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Mental Training: Your Secret Weapon

Brain Training

Surprisingly it only takes a few minutes a day to harness your mind and shape your brain in order to increase your performance. But why doesn't everyone do it? For some, the simplicity of the action undermines the actual benefit, for others it's yet another thing to place on their never-ending 'to-do' list, and for most uncertainty around where to start prevents them from starting at all.

Fortunately there are a variety of practices that you can undertake which will not only enhance your performance, but also help you manage stress and increase your overall well-being.

Mental Training Practices

  1. Visualisation

  2. Meditation

  3. Taking in the Good

  4. Gratitude

  5. Positive Emotions


When asked about perfecting his stroke, Michael Phelps shares that he repeatedly visualises each movement and turn he executes through the water the night prior to each race. In fact top athletes across most sport have long prescribed to the notion that visualisation supports them in their pursuit of excellence. Interestingly professor of Neurology at Harvard University Alvero Pascual-Leone has discovered that merely visualising an action contributes to building the brain circuitry responsible for performing that action ~ in particular it resembles the neuroplasticity of actually practicing the action.


Prior to taking the stage at any event, Steve Jobs would spend a few moments in meditation. He did this in order to manage stress, increase his engagement with the audience and ground himself in the present moment. Regular mindful meditation practice strengthens the prefrontal cortex (PFC) ~ the executive centre of our brain responsible for focus, judgement, planning, decision making, impulse control etc. When we experience stress, the chemical produced (cortisol) notifies our amygdala in our brain (our fight or flight centre) which acts as a roadblock to the operations of the PFC. Strengthening the PFC through meditation allows you to retain control of this centre and mitigate and manage the negative effects of stress. Meditation also provides you with exceptional awareness to the extent that you become in tune to others emotions, elevating your empathy and improving your interpersonal relationships.


Thanks to our ancestors we are hardwired to react negatively to stressful situations in order to survive. Unfortunately this has resulted in a negativity bias meaning that our brain automatically reverts to negative and holds onto negative experiences much longer than positive. Rick Hanson has discovered that by having (or reminiscing about) positive experiences, we can combat the inclination to get absorbed in the negative. Further enriching positive experiences by staying with them and then 'absorbing them' through visualisation (top of our heads to tip of our toes) - we can hardwire ourselves for happiness. Additional benefits of this process relate to our stress response. As mentioned above, when we are stressed our body releases cortisol which chronically kills cells in our hippocampus -the area responsible for visuo-spatial memory and also responsible for calming the amygdala down. When we regularly take in the good, we change our response to stress, less cortisol is released and our hippocampus remains unharmed.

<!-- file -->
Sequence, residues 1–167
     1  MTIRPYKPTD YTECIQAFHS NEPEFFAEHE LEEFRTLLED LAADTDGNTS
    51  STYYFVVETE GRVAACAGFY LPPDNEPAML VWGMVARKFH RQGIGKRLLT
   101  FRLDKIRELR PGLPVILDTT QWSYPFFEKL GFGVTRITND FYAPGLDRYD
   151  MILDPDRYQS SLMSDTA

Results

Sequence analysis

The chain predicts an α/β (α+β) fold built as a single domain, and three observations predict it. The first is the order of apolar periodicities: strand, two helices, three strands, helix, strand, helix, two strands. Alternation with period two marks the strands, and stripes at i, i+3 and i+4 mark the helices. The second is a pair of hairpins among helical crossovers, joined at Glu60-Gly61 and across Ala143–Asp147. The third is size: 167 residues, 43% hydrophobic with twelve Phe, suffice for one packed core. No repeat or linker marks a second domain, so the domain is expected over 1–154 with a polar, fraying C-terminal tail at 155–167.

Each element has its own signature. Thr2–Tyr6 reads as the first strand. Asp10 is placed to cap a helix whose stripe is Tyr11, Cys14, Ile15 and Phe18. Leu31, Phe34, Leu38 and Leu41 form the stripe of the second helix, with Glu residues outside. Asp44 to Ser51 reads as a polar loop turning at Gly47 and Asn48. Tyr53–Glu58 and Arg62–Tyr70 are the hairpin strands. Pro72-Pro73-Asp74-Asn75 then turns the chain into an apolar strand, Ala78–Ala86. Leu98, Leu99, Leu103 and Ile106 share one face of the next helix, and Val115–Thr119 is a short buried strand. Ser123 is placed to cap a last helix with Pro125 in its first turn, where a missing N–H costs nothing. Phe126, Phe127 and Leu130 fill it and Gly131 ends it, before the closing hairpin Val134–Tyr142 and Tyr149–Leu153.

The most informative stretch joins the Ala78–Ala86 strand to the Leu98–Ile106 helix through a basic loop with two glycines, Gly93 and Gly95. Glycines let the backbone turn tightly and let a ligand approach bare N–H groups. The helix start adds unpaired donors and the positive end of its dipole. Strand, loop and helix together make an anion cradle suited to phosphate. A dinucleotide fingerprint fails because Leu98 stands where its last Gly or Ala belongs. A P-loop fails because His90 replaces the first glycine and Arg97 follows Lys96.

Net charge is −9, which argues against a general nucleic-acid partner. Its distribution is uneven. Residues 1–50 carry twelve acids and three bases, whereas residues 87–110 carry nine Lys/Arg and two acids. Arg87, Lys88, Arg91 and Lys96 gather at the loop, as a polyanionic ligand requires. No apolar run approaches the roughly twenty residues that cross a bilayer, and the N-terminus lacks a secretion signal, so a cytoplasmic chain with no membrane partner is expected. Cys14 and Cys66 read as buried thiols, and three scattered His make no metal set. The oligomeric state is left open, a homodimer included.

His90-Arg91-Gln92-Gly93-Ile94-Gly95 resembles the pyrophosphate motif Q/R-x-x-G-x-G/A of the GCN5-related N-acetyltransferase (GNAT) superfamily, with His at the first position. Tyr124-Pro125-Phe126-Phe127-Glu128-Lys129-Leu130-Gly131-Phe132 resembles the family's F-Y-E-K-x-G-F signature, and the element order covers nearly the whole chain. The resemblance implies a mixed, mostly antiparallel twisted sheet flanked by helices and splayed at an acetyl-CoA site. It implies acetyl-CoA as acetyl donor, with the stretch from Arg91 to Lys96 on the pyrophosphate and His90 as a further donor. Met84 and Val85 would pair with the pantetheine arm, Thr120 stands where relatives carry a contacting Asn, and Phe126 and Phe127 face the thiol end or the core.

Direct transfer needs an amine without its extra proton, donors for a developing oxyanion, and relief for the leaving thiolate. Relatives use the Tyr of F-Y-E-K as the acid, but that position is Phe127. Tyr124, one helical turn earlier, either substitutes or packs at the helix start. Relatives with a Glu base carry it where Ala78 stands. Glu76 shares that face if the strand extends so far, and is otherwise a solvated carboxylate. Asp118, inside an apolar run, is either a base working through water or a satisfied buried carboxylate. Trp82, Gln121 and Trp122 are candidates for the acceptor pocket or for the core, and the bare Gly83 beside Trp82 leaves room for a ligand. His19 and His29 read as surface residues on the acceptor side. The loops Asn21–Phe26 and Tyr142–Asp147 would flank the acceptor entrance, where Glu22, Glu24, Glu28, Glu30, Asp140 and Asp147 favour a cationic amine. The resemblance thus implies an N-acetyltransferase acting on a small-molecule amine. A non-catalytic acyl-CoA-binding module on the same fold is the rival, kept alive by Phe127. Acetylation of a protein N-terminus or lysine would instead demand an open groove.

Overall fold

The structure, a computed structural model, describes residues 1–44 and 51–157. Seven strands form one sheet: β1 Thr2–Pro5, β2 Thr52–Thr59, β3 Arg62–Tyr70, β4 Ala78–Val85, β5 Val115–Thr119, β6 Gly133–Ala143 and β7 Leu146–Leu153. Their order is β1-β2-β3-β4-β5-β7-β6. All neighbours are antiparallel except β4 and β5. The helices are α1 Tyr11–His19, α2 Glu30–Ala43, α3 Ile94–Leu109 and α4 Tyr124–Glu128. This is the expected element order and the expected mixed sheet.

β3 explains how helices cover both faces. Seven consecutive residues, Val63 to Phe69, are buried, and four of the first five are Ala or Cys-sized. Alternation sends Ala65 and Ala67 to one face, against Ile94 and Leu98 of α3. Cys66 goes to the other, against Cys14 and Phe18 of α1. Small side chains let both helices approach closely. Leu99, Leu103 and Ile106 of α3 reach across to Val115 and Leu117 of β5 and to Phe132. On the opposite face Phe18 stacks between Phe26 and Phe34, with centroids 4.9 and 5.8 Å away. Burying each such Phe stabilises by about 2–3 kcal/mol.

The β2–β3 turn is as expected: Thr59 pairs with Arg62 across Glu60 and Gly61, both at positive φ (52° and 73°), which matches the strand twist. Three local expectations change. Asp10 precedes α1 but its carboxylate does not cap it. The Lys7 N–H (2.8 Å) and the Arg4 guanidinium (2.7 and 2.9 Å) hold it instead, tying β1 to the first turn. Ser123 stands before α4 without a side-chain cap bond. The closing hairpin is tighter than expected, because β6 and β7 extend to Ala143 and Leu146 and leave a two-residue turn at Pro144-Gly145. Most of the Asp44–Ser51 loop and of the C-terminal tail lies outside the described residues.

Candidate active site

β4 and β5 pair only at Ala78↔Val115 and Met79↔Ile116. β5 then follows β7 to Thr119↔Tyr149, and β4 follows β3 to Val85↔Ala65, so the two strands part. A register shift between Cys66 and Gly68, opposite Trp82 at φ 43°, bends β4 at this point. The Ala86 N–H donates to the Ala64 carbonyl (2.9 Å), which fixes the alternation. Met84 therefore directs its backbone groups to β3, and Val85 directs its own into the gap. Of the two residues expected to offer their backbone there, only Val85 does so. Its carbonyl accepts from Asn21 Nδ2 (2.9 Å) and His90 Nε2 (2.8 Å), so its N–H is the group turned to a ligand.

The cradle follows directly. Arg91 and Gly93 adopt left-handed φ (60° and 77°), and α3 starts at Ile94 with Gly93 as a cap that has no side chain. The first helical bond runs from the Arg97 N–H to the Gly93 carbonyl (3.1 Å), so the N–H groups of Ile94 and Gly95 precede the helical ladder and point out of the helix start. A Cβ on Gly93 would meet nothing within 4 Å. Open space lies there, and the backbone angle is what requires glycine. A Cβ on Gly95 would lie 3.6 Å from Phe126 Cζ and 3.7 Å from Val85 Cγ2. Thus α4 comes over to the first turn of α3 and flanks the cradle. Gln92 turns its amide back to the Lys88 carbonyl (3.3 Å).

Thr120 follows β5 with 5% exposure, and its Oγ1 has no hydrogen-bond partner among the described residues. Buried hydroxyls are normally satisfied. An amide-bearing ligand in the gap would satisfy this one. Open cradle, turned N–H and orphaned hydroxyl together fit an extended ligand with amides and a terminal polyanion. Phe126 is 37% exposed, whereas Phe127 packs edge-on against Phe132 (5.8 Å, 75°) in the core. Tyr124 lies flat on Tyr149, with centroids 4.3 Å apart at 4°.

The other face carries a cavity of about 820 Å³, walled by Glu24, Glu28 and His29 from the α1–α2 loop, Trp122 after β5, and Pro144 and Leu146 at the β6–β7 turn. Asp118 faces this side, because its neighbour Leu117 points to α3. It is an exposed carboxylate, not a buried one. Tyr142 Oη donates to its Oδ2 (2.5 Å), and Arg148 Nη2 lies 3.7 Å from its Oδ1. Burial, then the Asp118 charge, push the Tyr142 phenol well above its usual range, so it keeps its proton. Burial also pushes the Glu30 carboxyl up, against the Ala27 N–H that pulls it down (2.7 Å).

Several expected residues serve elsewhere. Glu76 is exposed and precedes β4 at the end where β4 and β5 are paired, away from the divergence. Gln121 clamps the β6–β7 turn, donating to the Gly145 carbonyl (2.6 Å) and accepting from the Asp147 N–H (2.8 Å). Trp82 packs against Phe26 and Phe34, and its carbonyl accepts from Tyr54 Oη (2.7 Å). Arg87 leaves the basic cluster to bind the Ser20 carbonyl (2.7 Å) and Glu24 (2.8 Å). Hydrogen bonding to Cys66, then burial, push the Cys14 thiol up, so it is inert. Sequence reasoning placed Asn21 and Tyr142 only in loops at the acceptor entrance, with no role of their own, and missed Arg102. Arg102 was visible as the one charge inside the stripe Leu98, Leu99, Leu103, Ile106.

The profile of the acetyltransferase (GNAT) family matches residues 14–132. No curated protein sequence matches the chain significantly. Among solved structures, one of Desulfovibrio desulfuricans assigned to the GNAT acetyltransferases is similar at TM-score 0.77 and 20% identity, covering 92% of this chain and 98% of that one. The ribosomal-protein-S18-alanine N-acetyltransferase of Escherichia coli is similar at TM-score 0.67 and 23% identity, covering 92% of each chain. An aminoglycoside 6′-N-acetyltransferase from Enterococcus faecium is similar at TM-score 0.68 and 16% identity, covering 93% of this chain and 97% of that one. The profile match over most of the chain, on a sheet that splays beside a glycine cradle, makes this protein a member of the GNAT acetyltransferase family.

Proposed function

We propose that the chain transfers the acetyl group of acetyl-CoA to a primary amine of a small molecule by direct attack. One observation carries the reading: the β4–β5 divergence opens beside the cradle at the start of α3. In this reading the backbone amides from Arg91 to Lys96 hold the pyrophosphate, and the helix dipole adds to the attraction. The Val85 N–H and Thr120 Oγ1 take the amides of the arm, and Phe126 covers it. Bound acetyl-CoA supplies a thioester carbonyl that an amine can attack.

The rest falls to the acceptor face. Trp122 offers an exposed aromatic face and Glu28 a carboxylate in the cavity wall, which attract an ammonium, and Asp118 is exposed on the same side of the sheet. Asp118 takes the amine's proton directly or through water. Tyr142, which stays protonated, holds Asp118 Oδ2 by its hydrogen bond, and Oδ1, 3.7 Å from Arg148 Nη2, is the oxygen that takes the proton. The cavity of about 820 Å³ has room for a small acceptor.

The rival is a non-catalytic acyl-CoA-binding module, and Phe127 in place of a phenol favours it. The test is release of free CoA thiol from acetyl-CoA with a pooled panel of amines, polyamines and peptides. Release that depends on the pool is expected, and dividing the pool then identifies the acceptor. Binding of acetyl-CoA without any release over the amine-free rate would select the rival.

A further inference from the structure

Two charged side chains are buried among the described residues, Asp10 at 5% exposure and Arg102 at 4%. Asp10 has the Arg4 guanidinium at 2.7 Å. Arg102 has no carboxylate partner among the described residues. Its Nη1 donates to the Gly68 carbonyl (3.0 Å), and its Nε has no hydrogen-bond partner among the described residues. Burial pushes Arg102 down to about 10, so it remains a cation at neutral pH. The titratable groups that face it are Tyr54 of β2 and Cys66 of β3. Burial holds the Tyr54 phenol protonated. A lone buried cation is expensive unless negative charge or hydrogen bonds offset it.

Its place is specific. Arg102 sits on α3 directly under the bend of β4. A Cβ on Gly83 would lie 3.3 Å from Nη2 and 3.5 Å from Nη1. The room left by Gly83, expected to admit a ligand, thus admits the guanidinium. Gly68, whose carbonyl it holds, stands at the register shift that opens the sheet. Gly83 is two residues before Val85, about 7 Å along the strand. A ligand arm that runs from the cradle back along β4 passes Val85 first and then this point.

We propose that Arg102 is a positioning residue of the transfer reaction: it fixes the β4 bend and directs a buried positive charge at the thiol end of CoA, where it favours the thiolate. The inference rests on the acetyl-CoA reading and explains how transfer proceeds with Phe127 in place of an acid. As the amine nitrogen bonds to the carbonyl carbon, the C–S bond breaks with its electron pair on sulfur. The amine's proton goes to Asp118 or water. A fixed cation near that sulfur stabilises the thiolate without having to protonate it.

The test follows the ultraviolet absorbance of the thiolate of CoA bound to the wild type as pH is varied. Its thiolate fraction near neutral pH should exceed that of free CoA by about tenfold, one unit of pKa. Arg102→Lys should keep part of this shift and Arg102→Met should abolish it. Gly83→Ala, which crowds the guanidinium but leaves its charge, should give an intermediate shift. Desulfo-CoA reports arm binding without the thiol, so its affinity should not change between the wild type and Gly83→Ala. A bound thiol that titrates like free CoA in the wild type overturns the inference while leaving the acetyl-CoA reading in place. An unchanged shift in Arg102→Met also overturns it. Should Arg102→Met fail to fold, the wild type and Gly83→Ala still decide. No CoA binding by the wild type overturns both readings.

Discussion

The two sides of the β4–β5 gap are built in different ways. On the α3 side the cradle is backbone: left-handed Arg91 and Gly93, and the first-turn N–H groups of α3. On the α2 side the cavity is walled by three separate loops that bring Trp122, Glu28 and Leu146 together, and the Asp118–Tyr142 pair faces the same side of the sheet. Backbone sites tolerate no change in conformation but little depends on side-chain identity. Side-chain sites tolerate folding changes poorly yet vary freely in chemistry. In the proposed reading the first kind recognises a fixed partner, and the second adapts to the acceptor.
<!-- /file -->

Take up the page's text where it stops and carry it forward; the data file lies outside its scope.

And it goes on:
The evidence behind gratitude indicates that a regular practice (once a week is more beneficial than daily!) contributes to our overall happiness and life satisfaction. Gratitude also improves physical and psychological health, relationships and sleep. Each of the benefits of gratitude positively impact performance and engagement, so taking the time once a week to express 5 things you are grateful for is definitely worth the effort!


Positive emotions have the ability to provide an upward spiral toward not only happiness, but resilience, physical health and overall well-being. Furthermore Barbara Fredrickson and Marcel Losada have found that in order to flourish in life we need to be experiencing 3 positive emotions to each negative ~known as the positivity ratio. Which positive emotions are most beneficial? Fredrickson has created a top 10: pride, interest, gratitude, curiosity, serenity, hope, amusement, inspiration, awe and love. Seek out opportunities for these emotions and utilise these emotions in your mindset.

If we all put as much time into developing our mental capacities as we did worrying about the future or ruminating about the past, what a richer place our minds (and our world) would be. It really is as simple as I've explained above, take a few moments a day and take advantage of your not-so-secret weapon.

Cortex Consulting helps individuals realise their full potential and thrive through values-based coaching and programs. We also work with organisations to raise performance, increase engagement and improve overall well-being. Contact Kirsten to book a free consultation.

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